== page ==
Piercy published her early novels more than forty years ago. Their contemporary relevance is both mesmerizing and disturbing. You only have to read Roxanne Gay’s 2014 essay How to Be Friends with Another Woman to know that Piercy’s grasp of friendship between women was revolutionary. She gets working class politics right and nuances urban Jewish life (she grew up in inner city Detroit). She also gets heterosexism right, and employs what we would now call a queer sensibility in her deft handling of feminists negotiating (sexual) relationships. She also gets choice, autonomy, bodily integrity, and solidarity right. And abortion. In light of another attempt at a national 20-week abortion ban, and in the continued erosion of access to sexual health care, Piercy’s rendering of the consequences of illegal abortion terrifies. In several of her books, women choose backstreet abortions and help each other find abortion-care through underground networks. And in Braided Lives, a character dies from a lack of post-abortion care, illustrating a consequence of illegality.
At nearly 80, the issues of Piercy’s youth and mid-age persist. Piercy still prioritizes writing, relationships, activism, and a fierce self-actualization through daily rituals of writing and homesteading. In the ’70s, she bought land in Cape Cod and cultivates a jungle of growing things there. Now, she is “trying to learn how to age, something our society seems to know little about. My body has changed, spread out, as my mind has grown more focused. I do not want to fight aging, but to find in it value and a different kind of strength and endurance—something I think particularly vital for a woman, since older women are so devalued and denigrated in our society” (329).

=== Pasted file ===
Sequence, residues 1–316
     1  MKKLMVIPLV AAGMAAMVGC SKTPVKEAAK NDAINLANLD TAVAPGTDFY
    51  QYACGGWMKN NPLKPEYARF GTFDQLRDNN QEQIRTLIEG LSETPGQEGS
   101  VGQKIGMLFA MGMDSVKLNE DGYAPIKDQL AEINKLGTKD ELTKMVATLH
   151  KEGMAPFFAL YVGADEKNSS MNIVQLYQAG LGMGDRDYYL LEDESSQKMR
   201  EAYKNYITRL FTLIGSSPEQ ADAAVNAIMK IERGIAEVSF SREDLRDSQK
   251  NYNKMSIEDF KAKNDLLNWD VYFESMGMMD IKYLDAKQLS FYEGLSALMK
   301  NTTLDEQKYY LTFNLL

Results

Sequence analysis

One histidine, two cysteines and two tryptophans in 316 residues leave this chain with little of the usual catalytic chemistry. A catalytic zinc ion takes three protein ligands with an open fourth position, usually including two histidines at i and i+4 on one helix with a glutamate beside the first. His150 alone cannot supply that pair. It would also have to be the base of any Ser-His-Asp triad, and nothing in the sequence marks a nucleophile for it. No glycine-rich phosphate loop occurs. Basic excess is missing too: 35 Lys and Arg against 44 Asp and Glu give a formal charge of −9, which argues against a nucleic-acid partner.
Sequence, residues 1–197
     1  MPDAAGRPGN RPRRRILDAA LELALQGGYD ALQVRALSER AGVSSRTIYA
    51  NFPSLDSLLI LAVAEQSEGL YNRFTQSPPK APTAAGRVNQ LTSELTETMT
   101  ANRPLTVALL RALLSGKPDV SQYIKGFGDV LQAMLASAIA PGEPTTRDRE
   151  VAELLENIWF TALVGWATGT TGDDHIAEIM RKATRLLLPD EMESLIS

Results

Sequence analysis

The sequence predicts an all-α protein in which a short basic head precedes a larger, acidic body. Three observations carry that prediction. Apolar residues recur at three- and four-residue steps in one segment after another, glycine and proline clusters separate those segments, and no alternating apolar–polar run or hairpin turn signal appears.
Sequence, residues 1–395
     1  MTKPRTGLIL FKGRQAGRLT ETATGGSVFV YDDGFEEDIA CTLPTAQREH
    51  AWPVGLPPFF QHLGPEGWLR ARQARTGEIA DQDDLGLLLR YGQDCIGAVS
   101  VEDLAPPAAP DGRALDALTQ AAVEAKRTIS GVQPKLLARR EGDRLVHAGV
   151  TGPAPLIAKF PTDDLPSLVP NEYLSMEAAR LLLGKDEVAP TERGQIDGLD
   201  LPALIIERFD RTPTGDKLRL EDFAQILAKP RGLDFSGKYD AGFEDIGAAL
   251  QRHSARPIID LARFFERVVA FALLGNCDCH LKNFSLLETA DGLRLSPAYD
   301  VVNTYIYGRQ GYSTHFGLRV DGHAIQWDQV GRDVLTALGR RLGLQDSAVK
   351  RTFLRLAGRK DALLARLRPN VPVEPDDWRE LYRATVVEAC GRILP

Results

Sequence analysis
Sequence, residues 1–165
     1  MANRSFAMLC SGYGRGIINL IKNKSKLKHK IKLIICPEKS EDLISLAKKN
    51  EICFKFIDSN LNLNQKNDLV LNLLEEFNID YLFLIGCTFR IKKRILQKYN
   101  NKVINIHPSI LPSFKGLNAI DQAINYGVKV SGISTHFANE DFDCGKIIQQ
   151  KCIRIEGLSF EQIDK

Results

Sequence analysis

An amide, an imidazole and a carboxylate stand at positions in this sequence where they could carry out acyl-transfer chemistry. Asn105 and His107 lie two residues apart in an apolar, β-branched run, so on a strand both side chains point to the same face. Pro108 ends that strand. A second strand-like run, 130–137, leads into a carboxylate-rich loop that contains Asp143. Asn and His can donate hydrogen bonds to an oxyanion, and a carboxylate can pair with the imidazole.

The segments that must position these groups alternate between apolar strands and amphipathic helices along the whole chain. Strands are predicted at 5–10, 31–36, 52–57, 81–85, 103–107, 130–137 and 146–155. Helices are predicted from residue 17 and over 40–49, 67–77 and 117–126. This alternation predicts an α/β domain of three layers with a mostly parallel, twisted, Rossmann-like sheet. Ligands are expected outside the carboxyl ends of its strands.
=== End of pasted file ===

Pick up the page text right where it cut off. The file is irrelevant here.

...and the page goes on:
Piercy has published 17 novels and 18 volumes of poetry over 50 years. Last year, she released a new collection of short stories entitled The Cost of Lunch, Etc… In February of this year she published a new volume of poetry, Made in Detroit. She does not waver in her work as a writer and feminist (and a lover of cats).
She is, for me, the role model that she never had.
Excerpt from If They Come in the Night (1982)
I said, I like my life. If I
have to give it back, if they
take it from me, let me only
not feel I wasted any, let me
not feel I forgot to love anyone
I meant to love, that I forgot
to give what I held in my hands,
that I forgot to do some little
piece of the work that wanted
to come through.